Biggest Reform Of The Identification Doctrine In More Than 50 Years

The Economic Crime and Corporate Transparency Act (the Act) introduced reforms to corporate criminal liability for the first time in more than 50 years.
UK Criminal Law
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The Economic Crime and Corporate Transparency Act (the Act) introduced reforms to corporate criminal liability for the first time in more than 50 years. These reforms make it easier to prosecute companies for economic crime offences committed by their senior managers.

The Act, which received Royal Assent on 26 October 2023, replaces the common law "directing mind and will" test for corporate criminal liability with a statutory "senior manager" test. This change came into force on 26 December 2023 and means that a corporate entity will be found criminally liable where a senior manager who was "acting within the actual or apparent scope of their authority" commits one or more of a long list of specified economic crime offences. Notably, these offences are broad and include fraud, bribery, money laundering, sanctions, tax evasion, terrorism, accounting and FSMA offences, amongst others.

The previous position

Previously, corporate criminal liability was generally determined according to the common law identification doctrine, which attributed the actions of an organisation's "directing mind and will" to the organisation itself. Courts had historically interpreted the concept of the "directing mind and will" narrowly by having regard to the company's memorandum, articles of association, and whether responsibility and authority for the particular actions which constituted the offence had been entirely delegated to an individual by the company's directors. In the modern corporate world, where large companies have numerous layers of management and business decisions are often decentralised, this meant it was often impossible to link a company's principal decision-makers with the criminal act. Conversely, smaller companies often have simpler management structures making it much easier to evidence a link between the decision maker and the criminal act, and so easier to prosecute them.

The reformed position under the Act

Under the changes brought in by the Act, an organisation will be criminally liable when part or all of a specified economic crime is committed in the UK by a senior manager of that company or partnership.

The test to determine who is a "senior manager" is the same test found in the Corporate Manslaughter and Corporate Homicide Act 2007. This means that, rather than look at an employee's job title, it will be necessary to consider the roles and responsibilities of the employee within the organisation and the level of managerial influence they exert. Notably, the new law covers instances where the senior manager is a person who plays a significant role in the making of decisions about the whole or a substantial part of the activities of the organisation.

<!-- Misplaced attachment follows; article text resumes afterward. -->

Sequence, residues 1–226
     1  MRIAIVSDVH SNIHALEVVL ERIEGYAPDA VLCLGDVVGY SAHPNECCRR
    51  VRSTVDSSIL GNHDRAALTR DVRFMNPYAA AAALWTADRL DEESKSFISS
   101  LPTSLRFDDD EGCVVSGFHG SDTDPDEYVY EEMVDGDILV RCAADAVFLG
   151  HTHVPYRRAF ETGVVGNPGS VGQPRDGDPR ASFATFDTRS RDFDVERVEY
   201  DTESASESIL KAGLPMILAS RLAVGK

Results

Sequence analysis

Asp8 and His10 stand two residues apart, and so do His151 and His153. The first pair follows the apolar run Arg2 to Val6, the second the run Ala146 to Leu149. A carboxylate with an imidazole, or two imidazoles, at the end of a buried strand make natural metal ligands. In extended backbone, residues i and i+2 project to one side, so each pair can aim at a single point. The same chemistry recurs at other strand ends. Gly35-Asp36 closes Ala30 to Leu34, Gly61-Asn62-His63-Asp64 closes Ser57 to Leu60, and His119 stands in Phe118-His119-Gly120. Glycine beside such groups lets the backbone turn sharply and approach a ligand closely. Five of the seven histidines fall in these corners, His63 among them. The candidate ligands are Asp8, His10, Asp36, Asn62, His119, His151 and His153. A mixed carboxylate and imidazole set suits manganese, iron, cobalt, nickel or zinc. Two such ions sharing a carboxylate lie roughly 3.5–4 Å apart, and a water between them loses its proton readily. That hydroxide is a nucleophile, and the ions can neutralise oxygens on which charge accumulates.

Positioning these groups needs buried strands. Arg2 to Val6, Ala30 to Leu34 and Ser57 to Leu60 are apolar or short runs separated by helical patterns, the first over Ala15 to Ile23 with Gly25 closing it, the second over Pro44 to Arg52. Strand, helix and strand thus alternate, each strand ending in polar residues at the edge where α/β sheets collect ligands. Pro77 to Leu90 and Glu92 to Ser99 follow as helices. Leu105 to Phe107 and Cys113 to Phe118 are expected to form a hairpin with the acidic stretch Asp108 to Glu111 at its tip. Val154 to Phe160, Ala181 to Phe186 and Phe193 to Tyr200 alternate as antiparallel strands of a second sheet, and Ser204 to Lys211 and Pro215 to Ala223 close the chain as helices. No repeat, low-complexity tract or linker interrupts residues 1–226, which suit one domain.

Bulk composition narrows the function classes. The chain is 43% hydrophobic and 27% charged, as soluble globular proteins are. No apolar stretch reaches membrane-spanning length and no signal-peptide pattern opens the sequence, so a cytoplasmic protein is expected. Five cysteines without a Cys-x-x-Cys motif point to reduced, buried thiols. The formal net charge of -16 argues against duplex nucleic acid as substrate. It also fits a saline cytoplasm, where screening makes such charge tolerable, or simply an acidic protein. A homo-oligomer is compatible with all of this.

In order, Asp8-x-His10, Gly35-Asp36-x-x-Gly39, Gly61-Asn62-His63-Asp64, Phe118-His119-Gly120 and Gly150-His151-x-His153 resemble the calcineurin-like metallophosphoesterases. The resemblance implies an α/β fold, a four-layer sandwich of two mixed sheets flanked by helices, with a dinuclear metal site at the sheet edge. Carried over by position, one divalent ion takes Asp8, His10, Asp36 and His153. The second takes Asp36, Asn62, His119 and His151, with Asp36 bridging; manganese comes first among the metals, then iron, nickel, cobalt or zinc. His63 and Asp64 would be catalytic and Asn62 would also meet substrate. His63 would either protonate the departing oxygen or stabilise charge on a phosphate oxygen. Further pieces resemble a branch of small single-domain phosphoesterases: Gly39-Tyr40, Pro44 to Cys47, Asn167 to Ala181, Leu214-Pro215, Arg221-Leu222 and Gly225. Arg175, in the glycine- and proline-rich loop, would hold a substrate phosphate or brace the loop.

Prior to the passing of the Act, the Home Office noted that they considered this senior management test struck a proportionate balance in capturing those who have genuine decision-making authority over a large section of business, with prosecuting for the actions of low-level employees. The latter may of course be caught by failure to prevent offences such as the UK Bribery Act and the failure to prevent fraud offence, which was also introduced by the Act and is expected to come into force later this year or early in 2025 - for more information see our article here.

The specified economic crime offences are wide-ranging and numerous. They include false accounting, money laundering, the three bribery offences that can be committed by individuals, tax offences, fraud offences, some FSMA offences (Sections 23, 25 and 85 contraventions and the Section 398 offence of misleading the regulator), market manipulation offences, terrorism offences, and sanctions offences, amongst others.

The Government has also committed in the Second Economic Crime Plan, the Fraud Strategy and in committee debates to introduce full reform by repealing the reference to economic crime as soon as it has the Parliamentary opportunity to do so: this is currently proposed through the Criminal Justice Bill which is making its way through Parliament. The proposal is to expand the identification doctrine further so that organisations are not only liable for economic crime offences committed by senior managers, but all criminal offences (including non-economic crime offences such as sexual offences).

What impact will this have for businesses?

This change supplements the new offence of failing to prevent fraud and the existing offences of failing to prevent bribery and tax evasion, expanding the potential liability of corporate entities. In addition to making it much more likely that organisations will be successfully prosecuted and fined for relevant criminal offences, there is also an increased likelihood of companies being automatically debarred. A conviction under Section 1 of the Bribery Act 2010, for example, results in automatic debarment. Companies will need to look much more closely at their compliance programmes to prevent relevant offences occurring, and should ensure that senior managers receive enhanced training.

The content of this article is intended to provide a general guide to the subject matter. Specialist advice should be sought about your specific circumstances.

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